Communicating Without Walls

Effective Communication In A Virtual Team

One of my clients is 100% virtual, meaning there is no office, there is no place to go to every morning, no water cooler to gossip at, and no one to brainstorm with. 100% virtual also means you can work when you want as long as you meet your deadlines, your schedule is much more flexible, and you can work where you are most effective (Starbucks or We Work or your bedroom). The one thing that is lost with our virtual team, that is impossible to replace, is face to face communication.

Virtual Tools

How do you communicate with a virtual team? There are countless ways, but here are just a few:

1. Phone
2. Text
3. Instant Message
4. Email
6. Facetime
7. Hangouts
9. Skype
10. Trello

And 1,000’s more. These are all tools that are used by traditional, non-virtual, companies, but the biggest differences is that at one of these companies, if you have a question, you can walk down the hall, look the other person in the eye, and say WTF? A virtual team can’t do this.

7% is words

Why is that important? When people communicate only 7% of the message is received through words, the other 93% is delivered through tone, context and body language.

When you send someone a text message, the only piece of information the receiver has are the words and those words are only 7% of the message. Here’s a simple example of a text exchange.

My Wife: What do you want to do for dinner? (She texts as our two year old is throwing a tantrum (again) because his spider-man socks fell off and she is frustrated, tired and needs a break)

If she asked me this when I was home, I would see her frustration, I would see what she is dealing with, and my response would be something like pizza, or take-out, or go out? But I’m not seeing any of this, all I see are the words. And I get frustrated.

Me: Anything is fine (I’m going into a meeting, I don’t know, now I lost my train of thought)

I won’t bore you with the rest of the messages, but it spiraled into a virtual argument that ended up with me sleeping on the virtual couch. And this is relatively simple conversation, just imagine a much more complex conversation that take place and how quickly it can go off the rails and how much energy and resources are required to get the train back on the rails. This is what a virtual team has to deal with.

Video killed the radio star

Some may say you can resolve this by using video chat or conferencing tools. They help, but only a little. All the subconscious micro-movements that are delivered through body language seem to get lost or missed when using video tools. But to me, the biggest problem with video tools is you can’t see a persons feet. That’s right, their feet. Why would I want to see their feet? Simple, feet tell where a person wants to go.

When you are talking with someone and their feet are pointed at you, it is strong indicator that they are engaged in the conversation, their feet say “I want to be here with you”. However, when their feet are pointed at the door, it is a strong indicator that they want out, they’re not really listening and that they really want to walk out the door. It may not be you, it may be that they have to get back to a meeting, they need to make a call, they’re hungry and it’s lunch time, whatever, the important thing is that there focus isn’t on you, it’s on the door.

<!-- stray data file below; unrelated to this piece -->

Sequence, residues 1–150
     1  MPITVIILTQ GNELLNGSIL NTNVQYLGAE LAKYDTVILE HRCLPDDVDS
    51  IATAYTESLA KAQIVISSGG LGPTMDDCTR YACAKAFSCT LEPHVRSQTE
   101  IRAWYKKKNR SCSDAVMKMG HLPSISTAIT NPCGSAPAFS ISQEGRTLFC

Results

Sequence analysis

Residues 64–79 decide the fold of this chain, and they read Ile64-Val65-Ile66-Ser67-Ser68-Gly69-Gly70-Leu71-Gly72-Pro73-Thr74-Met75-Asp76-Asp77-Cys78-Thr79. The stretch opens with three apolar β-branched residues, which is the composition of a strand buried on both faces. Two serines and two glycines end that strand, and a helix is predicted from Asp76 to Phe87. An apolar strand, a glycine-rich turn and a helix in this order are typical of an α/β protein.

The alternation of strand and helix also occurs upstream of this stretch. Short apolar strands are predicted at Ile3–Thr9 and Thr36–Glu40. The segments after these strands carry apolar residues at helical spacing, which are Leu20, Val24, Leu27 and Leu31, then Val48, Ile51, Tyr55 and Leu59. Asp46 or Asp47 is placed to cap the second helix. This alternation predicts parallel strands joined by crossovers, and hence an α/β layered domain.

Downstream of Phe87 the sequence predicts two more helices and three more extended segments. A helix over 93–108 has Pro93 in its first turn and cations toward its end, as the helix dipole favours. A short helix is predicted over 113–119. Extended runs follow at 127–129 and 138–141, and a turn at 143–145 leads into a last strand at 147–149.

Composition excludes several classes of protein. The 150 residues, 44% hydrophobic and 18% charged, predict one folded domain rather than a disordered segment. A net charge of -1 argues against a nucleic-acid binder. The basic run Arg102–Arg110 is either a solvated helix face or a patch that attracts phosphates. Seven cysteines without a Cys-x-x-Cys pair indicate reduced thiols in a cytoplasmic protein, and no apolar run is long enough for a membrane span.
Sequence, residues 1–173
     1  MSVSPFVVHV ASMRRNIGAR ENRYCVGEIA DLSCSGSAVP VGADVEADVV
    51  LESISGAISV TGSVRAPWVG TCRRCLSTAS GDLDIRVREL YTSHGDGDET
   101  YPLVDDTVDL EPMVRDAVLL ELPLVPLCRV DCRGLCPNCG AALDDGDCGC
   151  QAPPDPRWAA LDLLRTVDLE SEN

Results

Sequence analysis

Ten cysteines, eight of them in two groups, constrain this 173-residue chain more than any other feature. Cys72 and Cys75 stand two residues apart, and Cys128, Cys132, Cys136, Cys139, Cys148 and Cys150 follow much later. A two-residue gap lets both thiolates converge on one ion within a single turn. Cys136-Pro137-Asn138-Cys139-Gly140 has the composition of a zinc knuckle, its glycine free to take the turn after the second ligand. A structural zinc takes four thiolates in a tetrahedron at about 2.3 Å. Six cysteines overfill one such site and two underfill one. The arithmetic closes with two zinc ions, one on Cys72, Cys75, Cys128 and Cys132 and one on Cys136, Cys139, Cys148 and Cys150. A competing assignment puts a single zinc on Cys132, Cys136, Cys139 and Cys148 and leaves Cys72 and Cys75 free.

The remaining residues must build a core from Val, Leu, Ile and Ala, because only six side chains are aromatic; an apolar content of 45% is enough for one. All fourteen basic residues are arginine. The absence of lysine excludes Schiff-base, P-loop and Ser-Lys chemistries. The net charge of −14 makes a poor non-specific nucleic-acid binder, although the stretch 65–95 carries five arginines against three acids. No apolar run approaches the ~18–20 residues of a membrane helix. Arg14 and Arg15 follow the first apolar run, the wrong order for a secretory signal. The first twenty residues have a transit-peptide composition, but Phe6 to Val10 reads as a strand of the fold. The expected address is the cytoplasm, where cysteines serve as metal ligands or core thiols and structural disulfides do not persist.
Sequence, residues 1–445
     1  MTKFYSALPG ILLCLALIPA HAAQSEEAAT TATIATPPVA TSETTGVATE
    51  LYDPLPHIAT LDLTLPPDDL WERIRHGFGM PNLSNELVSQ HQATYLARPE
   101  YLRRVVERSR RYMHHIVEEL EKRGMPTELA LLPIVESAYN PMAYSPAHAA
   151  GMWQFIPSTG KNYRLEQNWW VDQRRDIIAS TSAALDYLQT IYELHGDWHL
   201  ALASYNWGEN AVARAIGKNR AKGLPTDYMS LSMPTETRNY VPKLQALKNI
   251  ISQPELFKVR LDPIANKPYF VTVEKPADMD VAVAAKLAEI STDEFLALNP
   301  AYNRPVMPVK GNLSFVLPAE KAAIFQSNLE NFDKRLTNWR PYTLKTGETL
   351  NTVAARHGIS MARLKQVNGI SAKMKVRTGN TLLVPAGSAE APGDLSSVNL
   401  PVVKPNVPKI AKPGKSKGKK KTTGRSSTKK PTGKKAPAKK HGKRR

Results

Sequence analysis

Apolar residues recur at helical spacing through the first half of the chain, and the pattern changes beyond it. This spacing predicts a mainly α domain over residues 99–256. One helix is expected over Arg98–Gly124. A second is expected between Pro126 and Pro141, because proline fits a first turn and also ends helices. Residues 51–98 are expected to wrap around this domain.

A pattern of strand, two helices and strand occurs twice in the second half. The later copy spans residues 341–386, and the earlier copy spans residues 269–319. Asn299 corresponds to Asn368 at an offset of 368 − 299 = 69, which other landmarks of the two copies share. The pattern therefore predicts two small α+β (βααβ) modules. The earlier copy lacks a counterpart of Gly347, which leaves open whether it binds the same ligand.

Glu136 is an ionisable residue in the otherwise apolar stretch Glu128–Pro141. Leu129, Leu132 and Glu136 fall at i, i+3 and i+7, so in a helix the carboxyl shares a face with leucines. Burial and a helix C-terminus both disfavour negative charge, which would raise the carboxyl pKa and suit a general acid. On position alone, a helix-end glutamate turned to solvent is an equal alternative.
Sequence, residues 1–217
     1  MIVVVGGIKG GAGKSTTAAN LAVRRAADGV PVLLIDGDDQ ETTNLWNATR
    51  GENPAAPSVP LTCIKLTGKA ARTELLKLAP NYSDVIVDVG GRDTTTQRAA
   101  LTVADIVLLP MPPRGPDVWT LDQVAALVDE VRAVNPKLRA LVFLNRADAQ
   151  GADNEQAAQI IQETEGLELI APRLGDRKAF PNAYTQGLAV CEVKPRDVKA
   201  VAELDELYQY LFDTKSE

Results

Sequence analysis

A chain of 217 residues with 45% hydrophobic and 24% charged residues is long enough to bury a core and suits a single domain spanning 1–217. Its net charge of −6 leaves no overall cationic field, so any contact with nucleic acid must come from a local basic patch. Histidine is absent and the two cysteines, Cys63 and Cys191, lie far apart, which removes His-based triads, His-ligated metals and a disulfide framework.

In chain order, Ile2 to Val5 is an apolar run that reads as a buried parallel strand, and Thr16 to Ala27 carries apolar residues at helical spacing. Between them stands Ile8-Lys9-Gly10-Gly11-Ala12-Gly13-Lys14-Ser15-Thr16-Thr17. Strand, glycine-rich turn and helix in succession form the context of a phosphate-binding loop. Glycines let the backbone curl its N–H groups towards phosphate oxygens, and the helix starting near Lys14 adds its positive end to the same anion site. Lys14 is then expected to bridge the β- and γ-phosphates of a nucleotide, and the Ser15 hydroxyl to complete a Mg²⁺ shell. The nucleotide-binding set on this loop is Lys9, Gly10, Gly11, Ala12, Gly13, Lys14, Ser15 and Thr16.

Virtual Standards

There are two simple things that I have found work to help reduce confusion when relying on virtual communication tools.

First, whenever possible, be direct. Don’t sugar coat, don’t add extra words, just be unapologetically direct so that your message (remember it is only the words) is as clear as possible. If my wife had said “We are having pizza” or if my response was “I’ll get pizza” then I wouldn’t have been banished to the virtual couch.

Set expectations at the start of any request. This is a standard that we have begun implementing at my client for all virtual communications. Instead of sending an instant message to the team that says:

“Met with client, they are not happy, need to fix”

Which, unintentionally, sends the back-office team scrambling because all they know is that a client is not happy. The team begins calling our sales rep to get more information, calling the client to get more information, calling others in our organization to get more information, generally creating chaos, all because they interpreted the words to mean that it is an urgent, all hands-on deck situation.

With the new policy, the message would read:

“Need to address next quarter, will call team today at 4 to explain, met with client, they are not happy, need to fix”

Now the back-office team knows that, while the client is unhappy, it is not something urgent and can be addressed in the future and that our sales rep will call at 4 to provide the necessary information.

Any other suggestions to effectively communicate using virtual tools?

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